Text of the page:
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Pharmacotherapy of migraine prophylaxis: Effectiveness in reducing attack frequency


Joint Event on 4th Pharmaceutical Chemistry Conference & 12th World congress on Future Pharma

June 27-28, 2019 | Amsterdam, Netherlands

Rahul Kumar,Sarvesh Singh, Anil Kumar Saksena,Narendra Kumar, Akhlaque Ahmad and Manoj Kumar

King George’s Medical University India

Posters & Accepted Abstracts: Pharmaceutical Analysis

Abstract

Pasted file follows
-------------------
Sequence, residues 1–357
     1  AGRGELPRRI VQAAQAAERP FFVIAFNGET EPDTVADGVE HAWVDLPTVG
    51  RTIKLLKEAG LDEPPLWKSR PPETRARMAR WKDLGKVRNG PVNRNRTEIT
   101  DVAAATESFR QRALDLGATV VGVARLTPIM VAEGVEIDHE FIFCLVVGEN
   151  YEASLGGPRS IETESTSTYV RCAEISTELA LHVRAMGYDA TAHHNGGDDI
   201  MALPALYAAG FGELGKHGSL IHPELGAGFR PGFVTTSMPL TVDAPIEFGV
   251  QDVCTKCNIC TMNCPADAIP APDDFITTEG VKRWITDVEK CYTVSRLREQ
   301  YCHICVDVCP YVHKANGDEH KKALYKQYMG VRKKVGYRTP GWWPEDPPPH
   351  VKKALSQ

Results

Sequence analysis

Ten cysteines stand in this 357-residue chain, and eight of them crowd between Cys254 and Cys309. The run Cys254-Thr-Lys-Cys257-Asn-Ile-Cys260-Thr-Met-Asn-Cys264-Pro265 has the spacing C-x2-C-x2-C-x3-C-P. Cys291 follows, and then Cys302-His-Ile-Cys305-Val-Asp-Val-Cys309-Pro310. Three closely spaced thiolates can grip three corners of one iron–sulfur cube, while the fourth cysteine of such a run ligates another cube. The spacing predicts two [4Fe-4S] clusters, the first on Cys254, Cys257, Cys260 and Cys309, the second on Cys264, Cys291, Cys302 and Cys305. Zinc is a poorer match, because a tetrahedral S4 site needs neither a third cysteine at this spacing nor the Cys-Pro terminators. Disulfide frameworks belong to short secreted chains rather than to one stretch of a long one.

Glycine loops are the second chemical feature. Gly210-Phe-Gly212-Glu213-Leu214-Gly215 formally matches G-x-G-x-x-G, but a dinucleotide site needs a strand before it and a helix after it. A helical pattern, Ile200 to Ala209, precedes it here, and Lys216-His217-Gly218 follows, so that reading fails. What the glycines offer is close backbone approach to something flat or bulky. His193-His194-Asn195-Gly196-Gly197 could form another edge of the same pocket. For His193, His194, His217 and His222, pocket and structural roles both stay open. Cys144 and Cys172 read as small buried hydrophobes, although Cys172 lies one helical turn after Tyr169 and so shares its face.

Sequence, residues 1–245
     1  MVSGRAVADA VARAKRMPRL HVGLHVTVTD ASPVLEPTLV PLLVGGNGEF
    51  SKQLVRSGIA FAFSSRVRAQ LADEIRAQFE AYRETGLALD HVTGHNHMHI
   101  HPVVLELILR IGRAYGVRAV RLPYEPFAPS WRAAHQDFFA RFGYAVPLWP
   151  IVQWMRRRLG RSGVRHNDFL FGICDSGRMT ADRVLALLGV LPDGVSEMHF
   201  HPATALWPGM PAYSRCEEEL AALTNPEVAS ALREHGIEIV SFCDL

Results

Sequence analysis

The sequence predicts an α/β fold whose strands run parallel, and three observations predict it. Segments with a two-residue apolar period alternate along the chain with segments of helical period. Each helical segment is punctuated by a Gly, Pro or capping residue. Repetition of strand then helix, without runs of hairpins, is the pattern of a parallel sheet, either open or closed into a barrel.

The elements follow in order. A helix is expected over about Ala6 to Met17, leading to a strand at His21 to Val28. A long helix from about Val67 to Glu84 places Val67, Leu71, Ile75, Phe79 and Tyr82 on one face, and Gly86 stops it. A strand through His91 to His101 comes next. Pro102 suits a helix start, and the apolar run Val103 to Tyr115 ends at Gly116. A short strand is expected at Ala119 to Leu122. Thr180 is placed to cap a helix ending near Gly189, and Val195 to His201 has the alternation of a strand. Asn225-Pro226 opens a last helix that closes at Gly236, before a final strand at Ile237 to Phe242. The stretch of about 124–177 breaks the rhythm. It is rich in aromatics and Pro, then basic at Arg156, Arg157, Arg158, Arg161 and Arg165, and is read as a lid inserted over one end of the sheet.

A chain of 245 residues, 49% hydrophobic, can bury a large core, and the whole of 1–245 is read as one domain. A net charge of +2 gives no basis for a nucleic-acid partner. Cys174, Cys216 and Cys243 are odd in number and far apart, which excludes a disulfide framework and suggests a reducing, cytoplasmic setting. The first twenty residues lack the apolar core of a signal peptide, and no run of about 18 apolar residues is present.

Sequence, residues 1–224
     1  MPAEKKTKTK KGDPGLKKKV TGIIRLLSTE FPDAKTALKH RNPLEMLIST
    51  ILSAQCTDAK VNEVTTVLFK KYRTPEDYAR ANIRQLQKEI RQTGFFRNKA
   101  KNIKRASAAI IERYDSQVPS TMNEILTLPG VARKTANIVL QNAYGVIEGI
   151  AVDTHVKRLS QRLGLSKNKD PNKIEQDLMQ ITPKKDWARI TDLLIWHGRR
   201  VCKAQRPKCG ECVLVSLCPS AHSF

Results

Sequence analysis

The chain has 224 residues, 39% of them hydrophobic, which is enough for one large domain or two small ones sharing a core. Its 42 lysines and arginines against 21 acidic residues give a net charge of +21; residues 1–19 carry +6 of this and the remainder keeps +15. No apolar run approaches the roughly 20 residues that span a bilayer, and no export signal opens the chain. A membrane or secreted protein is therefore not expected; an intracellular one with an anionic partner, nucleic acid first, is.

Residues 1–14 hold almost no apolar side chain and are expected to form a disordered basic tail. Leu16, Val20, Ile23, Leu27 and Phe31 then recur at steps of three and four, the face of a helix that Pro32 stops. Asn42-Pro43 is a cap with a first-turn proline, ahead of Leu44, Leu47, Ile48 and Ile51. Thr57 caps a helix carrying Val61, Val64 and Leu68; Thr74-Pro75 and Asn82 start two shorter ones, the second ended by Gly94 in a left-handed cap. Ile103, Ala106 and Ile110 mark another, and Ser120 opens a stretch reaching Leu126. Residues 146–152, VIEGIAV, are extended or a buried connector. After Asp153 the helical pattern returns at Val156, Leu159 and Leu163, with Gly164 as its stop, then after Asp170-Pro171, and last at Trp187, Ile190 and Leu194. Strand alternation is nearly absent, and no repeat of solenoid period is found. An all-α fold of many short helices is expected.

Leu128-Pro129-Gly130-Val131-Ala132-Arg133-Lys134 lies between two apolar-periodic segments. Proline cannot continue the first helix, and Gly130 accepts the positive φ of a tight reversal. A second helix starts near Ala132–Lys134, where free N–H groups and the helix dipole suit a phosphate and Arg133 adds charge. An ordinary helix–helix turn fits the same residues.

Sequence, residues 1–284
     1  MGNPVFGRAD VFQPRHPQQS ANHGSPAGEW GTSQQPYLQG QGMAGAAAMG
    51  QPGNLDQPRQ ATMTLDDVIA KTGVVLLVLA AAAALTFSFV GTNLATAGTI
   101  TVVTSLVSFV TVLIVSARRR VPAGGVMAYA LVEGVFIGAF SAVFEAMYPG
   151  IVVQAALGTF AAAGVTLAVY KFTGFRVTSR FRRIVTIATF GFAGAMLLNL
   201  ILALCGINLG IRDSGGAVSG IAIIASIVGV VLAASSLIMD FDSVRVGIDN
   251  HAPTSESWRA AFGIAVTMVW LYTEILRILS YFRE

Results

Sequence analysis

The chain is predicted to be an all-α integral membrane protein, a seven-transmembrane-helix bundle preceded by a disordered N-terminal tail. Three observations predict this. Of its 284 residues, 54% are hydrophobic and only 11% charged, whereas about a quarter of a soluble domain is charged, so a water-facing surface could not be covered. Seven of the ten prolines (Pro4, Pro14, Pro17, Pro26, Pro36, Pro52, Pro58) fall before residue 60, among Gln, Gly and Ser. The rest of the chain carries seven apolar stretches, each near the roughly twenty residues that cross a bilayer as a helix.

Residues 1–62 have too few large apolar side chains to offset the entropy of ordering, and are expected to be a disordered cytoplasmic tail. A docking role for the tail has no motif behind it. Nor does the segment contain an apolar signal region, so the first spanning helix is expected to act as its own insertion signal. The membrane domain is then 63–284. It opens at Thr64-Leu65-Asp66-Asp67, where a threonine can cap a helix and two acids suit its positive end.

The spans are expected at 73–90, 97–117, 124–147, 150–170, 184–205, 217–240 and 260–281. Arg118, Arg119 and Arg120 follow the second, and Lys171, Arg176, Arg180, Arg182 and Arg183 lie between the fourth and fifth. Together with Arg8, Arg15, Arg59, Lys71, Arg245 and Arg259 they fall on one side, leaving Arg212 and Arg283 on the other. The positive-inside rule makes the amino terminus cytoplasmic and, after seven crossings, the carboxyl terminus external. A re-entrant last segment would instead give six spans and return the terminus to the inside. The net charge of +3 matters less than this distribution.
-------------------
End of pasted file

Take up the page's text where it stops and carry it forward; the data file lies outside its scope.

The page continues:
Pharmacological prophylaxis for migraine consists of a long list of drugs. Beta blockers, antidepressants, antiepileptics, calcium channel blockers, pregabalin, levetiracetam, etc. The main drugs utilized for a long time and a number of studies have been conducted to investigate their efficacy in migraine prophylaxis. To assess the effectiveness of well-known drugs and some newer ones we searched last fiveyear, original research articles on MEDLINE, Google Scholar and EMBASE on 15th February 2019. We selected randomized or quasi-randomized trials of drugs used in migraine prophylaxis. We didn’t compare each of them but searched for their effectiveness individually. Percentage reduction in attack frequency was evaluated. We found 41 studies out of which we include 14 studies. We excluded animal studies, abstract with only papers and studies with missing data. Amitriptyline was found to be most effective ranging from 60% to 83%. Sodium valproate was the most studied drug with 60% to 78% reduction in attack frequency after two months. Pregabalin showed 65% reduction in attack frequency after two months treatment. Levetiracetam found to be effective by 58% to 70% reduction in attack frequency. Flunarizine effectiveness ranges from 46% to 76%. Erenumab (a human monoclonal antibody which blocks calcitonin gene related receptor) also showed 50% reduction in attack frequency. Fremanezumab (quarterly administration) is moderately effective with 40% reduction in attack frequency. Reduction in attack frequency was 63% by melatonin. Omega 3 polyunsaturated fatty acids showed 66% reduction in attack frequency. We may conclude that in reducing migraine attack frequency, older drugs are more effective though newer one also seems to be promising.

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